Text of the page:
Google is making more than just a play for the television and movies people watch in their living room., the company's latest crack at dominating larger screens, was unveiled Wednesday at Google's I/O developers conference in San Francisco, and Android gaming on the big screen is part of the push.
With 70 percent of the more than 1 billion devices running Android worldwide accessing at least one game over the course of a single month, Google knows that mobile gaming has room to grow -- figuratively and literally -- outside the confines of people's pockets.
To do that, Google is utilizing the growing adoption of Google Play Games. The hub application for Android-based gaming, similar to Apple's Game Center, was announced last year and 100 million users have already signed up in the last six months.
"It's growing at a tremendous speed," said Greg Hartrell, who heads up product management for Google Play Games, in an interview with CNET. "We've been out for a year, so we have quite a few more users that have come onboard." The company is not disclosing how many active users of the app it has, but Hartrell says it is in the hundreds of millions.
Android TV will be baked into new television sets from electronics makers like Sony and also new streaming boxes from companies like Razer and Asus. The focal point of Android TV's effectiveness for gaming will be its ability to span devices, or else it will fall prey to the syncing and cross-play messiness inherent in a fragmented network of screens. Aiding Google in clearing that hurdle is Play Games, a singular hub and profile that is layered over all the potential Android gaming portals.
"It [Google Play Games] has the effect of uniting these devices," Hartrell said. "Play Services has proven on the mobile and tablet space with pretty high adoption the capacity to solve that possible issue. That Android TV is coming out with that type of principal attached to it, it's going to have that type of user experience."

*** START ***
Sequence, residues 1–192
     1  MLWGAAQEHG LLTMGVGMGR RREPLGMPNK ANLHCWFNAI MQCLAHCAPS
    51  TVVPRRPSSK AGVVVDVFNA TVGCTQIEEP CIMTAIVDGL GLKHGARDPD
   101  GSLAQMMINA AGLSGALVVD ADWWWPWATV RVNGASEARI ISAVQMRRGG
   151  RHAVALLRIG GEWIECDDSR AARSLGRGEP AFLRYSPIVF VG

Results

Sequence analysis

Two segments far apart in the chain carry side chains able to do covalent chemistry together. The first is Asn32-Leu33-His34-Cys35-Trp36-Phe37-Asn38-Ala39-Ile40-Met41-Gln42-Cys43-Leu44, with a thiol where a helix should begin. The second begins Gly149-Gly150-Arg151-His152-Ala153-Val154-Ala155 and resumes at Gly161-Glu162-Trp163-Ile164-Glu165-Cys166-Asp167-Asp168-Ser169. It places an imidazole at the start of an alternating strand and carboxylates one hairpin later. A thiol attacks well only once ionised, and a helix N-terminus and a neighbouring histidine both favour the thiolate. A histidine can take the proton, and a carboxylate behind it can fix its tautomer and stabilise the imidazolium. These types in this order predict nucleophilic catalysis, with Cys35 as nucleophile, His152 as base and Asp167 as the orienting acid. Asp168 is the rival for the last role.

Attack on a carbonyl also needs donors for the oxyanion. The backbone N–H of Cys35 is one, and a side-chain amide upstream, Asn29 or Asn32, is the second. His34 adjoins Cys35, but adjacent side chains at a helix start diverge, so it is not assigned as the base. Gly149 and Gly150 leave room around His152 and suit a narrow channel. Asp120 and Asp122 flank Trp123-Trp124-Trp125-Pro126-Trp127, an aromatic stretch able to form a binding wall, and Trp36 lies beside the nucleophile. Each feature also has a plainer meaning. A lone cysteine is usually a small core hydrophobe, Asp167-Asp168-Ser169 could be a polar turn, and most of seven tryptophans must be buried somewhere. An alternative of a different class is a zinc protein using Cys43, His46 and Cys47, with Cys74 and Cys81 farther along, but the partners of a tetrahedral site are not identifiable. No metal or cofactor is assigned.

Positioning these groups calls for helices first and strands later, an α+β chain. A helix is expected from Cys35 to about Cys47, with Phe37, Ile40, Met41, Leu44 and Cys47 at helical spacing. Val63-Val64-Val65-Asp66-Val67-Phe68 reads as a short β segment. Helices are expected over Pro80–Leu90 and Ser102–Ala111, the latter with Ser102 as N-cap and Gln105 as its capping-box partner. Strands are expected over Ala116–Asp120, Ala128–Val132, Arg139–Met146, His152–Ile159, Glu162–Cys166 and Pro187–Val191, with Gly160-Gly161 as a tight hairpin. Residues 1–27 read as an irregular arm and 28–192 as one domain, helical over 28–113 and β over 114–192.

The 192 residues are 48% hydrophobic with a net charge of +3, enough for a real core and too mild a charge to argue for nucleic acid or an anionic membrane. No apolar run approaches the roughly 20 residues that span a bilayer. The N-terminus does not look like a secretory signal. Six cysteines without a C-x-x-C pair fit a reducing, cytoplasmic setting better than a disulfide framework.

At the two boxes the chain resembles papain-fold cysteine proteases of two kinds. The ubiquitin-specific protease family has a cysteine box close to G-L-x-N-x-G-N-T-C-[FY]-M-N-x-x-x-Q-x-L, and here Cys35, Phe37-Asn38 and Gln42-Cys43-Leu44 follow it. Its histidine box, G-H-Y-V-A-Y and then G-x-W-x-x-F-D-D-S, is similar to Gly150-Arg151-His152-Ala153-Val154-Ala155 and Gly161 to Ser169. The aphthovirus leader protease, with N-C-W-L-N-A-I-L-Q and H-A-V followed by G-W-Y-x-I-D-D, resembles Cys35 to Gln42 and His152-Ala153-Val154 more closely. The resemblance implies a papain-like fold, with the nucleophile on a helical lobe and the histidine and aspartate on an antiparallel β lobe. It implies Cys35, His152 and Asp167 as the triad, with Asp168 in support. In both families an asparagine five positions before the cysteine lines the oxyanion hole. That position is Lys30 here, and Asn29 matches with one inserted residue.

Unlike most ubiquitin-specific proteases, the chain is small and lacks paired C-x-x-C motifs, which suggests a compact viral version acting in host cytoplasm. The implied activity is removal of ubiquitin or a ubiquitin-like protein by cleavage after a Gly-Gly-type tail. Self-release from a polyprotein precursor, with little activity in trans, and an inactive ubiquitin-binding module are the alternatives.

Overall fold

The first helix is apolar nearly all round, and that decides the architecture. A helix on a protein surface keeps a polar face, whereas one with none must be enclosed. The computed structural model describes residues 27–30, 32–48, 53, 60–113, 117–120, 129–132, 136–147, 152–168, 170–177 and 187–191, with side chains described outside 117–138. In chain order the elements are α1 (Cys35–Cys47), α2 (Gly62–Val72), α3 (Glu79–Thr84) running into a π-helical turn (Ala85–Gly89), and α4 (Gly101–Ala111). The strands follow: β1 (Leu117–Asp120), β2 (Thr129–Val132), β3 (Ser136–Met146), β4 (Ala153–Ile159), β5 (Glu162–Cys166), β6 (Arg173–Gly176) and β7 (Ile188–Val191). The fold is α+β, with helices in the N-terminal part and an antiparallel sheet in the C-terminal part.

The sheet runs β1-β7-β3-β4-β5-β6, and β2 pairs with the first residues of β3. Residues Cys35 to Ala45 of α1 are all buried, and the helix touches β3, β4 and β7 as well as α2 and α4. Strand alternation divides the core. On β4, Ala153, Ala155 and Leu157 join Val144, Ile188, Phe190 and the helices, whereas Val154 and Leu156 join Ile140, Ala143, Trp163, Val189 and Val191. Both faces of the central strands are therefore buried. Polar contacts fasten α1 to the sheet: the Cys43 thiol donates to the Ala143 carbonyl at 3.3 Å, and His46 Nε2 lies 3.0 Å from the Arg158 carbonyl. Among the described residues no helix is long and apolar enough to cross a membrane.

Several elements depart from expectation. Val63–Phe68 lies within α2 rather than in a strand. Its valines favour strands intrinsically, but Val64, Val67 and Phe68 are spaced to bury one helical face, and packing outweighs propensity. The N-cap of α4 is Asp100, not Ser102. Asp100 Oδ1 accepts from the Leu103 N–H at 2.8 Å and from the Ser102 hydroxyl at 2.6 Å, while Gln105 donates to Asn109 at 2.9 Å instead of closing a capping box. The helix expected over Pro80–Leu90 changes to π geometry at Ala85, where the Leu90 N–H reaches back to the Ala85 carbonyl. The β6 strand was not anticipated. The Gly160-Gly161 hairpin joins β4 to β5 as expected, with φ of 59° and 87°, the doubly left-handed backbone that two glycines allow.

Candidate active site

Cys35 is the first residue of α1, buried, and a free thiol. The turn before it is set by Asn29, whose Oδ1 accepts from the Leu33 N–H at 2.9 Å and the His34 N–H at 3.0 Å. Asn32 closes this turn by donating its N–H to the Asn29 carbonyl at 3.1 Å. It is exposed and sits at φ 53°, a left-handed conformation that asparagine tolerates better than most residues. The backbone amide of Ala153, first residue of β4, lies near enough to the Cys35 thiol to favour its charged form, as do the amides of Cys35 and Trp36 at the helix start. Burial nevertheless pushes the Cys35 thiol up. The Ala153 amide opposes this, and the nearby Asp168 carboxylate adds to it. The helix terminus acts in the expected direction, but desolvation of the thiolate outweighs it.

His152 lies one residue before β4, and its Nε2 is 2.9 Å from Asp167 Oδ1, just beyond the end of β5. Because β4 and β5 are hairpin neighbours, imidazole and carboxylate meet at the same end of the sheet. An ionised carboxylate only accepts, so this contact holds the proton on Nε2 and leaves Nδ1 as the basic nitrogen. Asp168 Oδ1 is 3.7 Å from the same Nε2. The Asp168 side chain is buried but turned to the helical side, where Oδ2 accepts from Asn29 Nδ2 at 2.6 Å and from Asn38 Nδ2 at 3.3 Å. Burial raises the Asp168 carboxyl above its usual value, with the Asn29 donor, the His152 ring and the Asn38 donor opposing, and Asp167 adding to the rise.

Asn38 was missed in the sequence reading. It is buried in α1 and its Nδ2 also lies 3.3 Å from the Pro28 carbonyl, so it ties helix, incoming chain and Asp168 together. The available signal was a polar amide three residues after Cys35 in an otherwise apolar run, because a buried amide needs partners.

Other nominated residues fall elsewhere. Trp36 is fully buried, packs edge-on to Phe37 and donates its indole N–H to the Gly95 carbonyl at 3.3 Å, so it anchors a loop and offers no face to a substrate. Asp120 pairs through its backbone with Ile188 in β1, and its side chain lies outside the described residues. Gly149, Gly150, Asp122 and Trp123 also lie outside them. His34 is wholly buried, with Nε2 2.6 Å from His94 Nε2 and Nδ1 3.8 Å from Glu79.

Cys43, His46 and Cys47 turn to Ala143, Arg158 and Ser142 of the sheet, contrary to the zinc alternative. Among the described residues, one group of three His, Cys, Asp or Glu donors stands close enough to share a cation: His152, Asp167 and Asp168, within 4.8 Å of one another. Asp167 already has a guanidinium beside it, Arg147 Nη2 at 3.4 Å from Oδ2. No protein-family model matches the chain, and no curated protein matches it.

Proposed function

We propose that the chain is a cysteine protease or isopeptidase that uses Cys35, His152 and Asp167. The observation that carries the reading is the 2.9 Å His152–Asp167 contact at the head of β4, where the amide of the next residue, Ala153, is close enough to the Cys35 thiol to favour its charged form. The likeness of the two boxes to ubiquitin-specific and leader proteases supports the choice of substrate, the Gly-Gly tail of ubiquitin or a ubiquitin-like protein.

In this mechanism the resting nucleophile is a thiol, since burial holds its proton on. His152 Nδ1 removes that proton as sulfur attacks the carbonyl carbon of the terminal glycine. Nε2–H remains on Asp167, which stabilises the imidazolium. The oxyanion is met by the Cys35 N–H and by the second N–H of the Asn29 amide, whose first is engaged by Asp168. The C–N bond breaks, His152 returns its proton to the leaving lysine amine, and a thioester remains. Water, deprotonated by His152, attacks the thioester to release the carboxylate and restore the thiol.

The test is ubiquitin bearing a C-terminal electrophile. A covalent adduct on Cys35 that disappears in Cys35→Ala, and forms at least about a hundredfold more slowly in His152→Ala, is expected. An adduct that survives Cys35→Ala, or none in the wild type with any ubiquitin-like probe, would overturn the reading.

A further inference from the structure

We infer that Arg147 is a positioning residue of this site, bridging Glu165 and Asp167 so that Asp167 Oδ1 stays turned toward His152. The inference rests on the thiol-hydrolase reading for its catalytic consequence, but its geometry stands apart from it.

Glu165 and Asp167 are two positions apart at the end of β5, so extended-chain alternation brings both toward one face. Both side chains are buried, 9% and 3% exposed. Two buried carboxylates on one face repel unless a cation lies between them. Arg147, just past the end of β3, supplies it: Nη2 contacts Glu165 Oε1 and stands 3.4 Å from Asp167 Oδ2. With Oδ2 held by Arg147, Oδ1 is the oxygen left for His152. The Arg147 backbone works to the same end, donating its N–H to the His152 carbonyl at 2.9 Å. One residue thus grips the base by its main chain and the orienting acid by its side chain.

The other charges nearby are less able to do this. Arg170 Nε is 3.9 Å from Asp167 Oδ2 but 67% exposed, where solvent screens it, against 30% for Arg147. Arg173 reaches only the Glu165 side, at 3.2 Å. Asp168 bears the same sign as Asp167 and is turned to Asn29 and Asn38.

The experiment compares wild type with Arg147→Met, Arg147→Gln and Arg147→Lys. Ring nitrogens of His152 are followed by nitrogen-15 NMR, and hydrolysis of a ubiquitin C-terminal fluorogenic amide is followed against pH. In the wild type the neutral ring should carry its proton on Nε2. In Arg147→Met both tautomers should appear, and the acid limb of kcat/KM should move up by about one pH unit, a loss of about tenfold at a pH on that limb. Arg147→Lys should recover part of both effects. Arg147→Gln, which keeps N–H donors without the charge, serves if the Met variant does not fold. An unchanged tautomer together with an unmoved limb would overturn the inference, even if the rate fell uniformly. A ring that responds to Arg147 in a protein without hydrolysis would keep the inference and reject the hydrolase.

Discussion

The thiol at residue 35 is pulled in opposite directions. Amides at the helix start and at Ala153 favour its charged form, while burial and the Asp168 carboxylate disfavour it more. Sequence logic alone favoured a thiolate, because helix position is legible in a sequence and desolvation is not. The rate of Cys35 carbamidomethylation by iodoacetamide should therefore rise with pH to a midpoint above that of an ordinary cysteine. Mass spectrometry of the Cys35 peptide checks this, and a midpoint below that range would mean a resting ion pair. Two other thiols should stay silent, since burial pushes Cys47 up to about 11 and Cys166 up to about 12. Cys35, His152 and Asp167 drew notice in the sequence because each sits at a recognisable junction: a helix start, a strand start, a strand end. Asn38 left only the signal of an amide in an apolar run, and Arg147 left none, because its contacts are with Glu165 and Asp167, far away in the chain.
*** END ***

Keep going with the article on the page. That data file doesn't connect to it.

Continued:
Google Play Games is being beefed up with features to make that process easier, with saved game states customizable by developers that can follow you from your television to your tablet and on to your smartphone. There's also new ways to keep players hooked and compete with friends, including new achievement point systems and player profile customization options.
"We can take that metadata and display it. In a world when you're moving from multiple devices, we can use that as a digital bookmark," Hartrell said.
More importantly, however, is that Google's game network is being bundled into the Android TV developer preview, says Google spokesperson Iska Hain. That's important because it means new and current game experiences -- those that will in the coming months be optimized for larger screens and Google's preferred playing distance of ten feet from the screen -- will also be incorporating the Play Games hub from the get-go. This ensures Android TV experiences will be built to bring the most up-to-date features of mobile and tablet gaming to Android's big-screen stage.
"One of these advantages of Android TV is that there is just such a wealth of content on Google Play and developers, with a little bit of effort, will have to think, 'What will my experience on a mobile or tablet be like in a living room environment?'" Hartrell explained. "That means looking at the input mechanisms or the layers of your menu and the input of how you get into the game, which is a different from, say, a touch screen."
Those input mechanisms also underscores the need to move beyond touchscreens and simple d-pad input interfaces that you'd get with a sideways remote control. Though the games we saw demoed on Android TV onstage at I/O were controlled with Android tablets, Google is leaving the ability to develop input form factors -- like game controllers -- completely up to its hardware partners.
"I think in a lot of ways, when the Android TV platform gets adopted, OEMs [original equipment manufacturers] are going to push out a game pad kind of form factor," Hartrell said of partners like Razer and Asus. "Really what we're saying is that OEMs will bring a variety of different form factors. They'll continue to grow the ecosystem."
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